In the days we spent with Jean, taking long drives, sharing meals, and spending time with his family, we were struck by the urgency of life to which his story bears witness. Though his circumstances have evolved, this urgency has remained unchanged. We are grateful that Jean shared such a spirit with us.


Samuel Gray Anderson (co-director and producer) is a writer and filmmaker living in Gardena, CA with his wife Susan and son Theodor. He was born in Latrobe, PA, grew up in South Carolina, and studied English at Yale University. He is the co- founder of the production company Almond Tree Films, with which he has co-written and produced the feature films Munyurangabo (2007), Lucky Life (2010), and Abigail Harm (2012). His films have been official selections at the Cannes, Toronto, Berlin, and Tribeca film festivals, among many others.

Lee Isaac Chung (co-director and producer) grew up in Lincoln, Arkansas, a small town in the Ozark Mountains where his family owned a farm. He studied Ecology and Evolutionary Biology at Yale and, after exposure to international cinema in his senior year, dropped plans for medical school to become a filmmaker.
His first film, Munyurangabo, premiered at the 2007 Cannes Film Festival to great acclaim. Variety called the film "an astonishing and thoroughly masterful debut" American critic Roger Ebert called it "a beautiful and powerful film - a masterpiece." His second film, Lucky Life, was developed at the Cinefondation at the Cannes Film Festival and premiered at the 2010 Tribeca Film Festival and 2010 Torino Film Festival. His third film, Abigail Harm, won the grand jury prize and best director at the LA Asian Pacific Film Festival. In recognition of his work, Isaac was awarded a USA Artist Ford Fellowship in 2012. He is based in Los Angeles, Hong Kong, and Rwanda.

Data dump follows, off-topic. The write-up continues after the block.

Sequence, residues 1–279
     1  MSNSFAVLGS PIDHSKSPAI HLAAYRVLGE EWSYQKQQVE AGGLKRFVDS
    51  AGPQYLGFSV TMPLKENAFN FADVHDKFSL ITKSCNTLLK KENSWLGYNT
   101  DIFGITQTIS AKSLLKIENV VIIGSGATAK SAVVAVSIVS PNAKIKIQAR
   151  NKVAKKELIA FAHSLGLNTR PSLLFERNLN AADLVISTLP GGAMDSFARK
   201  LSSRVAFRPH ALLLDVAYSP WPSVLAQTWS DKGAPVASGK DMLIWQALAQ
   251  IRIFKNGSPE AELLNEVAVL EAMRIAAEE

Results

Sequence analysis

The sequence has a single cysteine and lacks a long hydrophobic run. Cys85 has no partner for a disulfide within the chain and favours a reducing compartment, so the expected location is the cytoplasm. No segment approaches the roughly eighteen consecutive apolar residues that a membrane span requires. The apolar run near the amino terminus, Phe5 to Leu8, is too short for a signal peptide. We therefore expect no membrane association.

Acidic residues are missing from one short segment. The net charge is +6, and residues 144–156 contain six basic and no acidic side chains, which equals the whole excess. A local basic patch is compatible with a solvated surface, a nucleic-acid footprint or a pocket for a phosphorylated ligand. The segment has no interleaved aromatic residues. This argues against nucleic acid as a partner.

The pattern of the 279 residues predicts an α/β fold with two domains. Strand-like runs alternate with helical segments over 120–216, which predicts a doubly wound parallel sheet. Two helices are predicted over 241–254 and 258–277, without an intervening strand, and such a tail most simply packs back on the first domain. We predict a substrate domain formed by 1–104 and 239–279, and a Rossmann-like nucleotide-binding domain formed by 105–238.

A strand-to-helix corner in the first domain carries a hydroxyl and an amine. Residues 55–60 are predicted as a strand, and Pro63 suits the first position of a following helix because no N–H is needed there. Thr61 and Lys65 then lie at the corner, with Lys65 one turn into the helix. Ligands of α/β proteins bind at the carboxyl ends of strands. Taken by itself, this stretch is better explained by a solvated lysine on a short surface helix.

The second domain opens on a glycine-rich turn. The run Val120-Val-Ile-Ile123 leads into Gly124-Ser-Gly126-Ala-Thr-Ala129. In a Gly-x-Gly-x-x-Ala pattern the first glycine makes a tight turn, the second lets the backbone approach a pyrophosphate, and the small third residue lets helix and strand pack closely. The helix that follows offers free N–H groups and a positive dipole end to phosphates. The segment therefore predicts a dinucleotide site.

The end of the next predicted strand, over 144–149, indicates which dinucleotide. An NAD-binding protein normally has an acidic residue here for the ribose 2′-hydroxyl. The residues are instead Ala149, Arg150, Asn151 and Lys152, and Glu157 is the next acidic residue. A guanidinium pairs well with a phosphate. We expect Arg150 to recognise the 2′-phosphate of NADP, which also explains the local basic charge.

Eugene Suen (producer) is a Taiwanese-American filmmaker and producer based in Los Angeles. Raised in Taipei and Chicago, he is a member of Almond Tree Films with Lee Isaac Chung and Samuel Gray Anderson, the team behind the award-winning Munyurangabo, an official selection at Cannes, Toronto, Berlin, and winner of the grand prize at AFI Fest. He produced Lee Isaac Chung's Abigail Harm starring Amanda Plummer and Will Patton, an official selection at Busan, Torino, and winner the Grand Prize and the Best Director award at the Los Angeles Asian Pacific Film Festival. His other filmmaking credits include This Is Comedy, a French documentary about the filmmaker Judd Apatow. He is also the Co-Director of the Reel Spirituality film institute at Fuller Seminary.

Director Samuel Gray Anderson and Lee Isaac Chung
Cinematographer Lee Isaac Chung
Editor Samuel Gray Anderson
Producers Samuel Gray Anderson, Lee Isaac Chung, Eugene Suen, and Jean Kwezi

Documentary Running Time 79 minutes
Aspect Ratio 2.35:1
Original Format HD
Screening Format 2K DCP or Blu Ray
Language Kinyarwanda and English
Subtitles English